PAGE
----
Most resumes have at least a half inch margin, but a full inch is preferable. If your margins are smaller, you risk losing content if the document is printed by the hiring manager. Plus, a resume that lacks a one inch margin is harder for the reader to peruse and may look cluttered or chaotic – two qualities that are not often sought by employers.

(Original Article: “Top 6 Tips For Resume Formatting“)

4. Use Numbers and Symbols

Numbers and symbols quickly jump out at employers so use them whenever you can. Resumes have their own special rules and I always show all numbers as digits as they catch the eye. Percentages are always best as they show the impact of your efforts.

For example, saying “Increased sales $750K over prior year” is nice but to some companies that is petty cash and your company might not like your giving out their private information; better to say “Increased sales 43% over prior year.” Simply avoid words that don’t define, such as “many,” “few” and “several.”

(Original Article: “4 Ways To Turn Resume Fluff Into Marketable Facts“)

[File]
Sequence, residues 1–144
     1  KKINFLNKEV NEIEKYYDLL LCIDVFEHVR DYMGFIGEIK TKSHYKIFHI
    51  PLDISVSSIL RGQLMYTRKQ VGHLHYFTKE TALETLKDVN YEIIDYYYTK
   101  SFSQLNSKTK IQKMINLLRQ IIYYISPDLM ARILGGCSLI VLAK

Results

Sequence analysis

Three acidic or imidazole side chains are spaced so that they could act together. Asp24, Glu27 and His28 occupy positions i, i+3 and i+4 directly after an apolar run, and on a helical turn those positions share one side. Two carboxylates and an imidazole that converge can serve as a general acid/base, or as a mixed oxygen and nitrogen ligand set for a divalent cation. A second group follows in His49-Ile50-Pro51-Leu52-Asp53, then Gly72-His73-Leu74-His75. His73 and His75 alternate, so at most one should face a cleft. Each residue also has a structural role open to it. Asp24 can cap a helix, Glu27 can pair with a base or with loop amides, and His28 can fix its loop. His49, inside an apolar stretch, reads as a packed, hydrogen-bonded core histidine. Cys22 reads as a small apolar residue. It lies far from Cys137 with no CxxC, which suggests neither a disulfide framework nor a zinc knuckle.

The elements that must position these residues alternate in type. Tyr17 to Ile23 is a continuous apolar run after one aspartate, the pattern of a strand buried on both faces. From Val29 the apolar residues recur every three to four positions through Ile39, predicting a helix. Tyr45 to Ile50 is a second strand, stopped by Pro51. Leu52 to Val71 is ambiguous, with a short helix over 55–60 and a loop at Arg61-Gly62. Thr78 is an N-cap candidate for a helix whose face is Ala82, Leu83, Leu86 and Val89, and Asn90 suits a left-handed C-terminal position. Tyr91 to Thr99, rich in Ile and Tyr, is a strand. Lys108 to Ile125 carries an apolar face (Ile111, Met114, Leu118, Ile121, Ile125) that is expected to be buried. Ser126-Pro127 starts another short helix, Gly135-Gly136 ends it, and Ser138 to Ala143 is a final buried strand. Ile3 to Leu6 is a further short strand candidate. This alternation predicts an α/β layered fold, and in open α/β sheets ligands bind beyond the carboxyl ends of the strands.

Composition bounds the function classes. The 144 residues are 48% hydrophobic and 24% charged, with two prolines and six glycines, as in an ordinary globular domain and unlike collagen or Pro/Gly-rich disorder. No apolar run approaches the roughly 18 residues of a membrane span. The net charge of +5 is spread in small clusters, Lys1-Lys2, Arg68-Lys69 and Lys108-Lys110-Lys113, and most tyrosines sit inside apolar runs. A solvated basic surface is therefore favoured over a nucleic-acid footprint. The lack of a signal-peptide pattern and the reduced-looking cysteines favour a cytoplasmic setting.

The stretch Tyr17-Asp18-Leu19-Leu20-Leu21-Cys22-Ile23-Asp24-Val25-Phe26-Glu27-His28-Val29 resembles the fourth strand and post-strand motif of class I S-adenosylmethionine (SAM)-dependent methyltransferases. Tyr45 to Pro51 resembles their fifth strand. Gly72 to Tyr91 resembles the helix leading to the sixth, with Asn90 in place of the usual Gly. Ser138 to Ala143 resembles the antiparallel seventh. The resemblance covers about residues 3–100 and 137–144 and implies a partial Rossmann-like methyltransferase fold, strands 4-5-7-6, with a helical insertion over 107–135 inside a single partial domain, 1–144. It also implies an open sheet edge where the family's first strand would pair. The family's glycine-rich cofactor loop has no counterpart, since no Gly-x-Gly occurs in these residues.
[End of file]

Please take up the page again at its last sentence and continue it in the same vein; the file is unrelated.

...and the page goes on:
5. Determine the Right Keywords

There are simple ways to figure out what keywords should go on your resume.

  1. Review the Job Posting - The job posting typically tells you the title or position, specific experiences, skills and education desired or required of a candidate. Highlight all these keywords and work them into your resume in context.
  2. Job Description - Conduct searches on career or job board websites for job descriptions of the position you are applying for. You will notice common keywords coming from each of the job descriptions that you can also use in context for your resume.
  3. Company/Organization Website - Review its website. You will notice there are field or industry specific terms that are commonly used that should also be applied to your resume in context.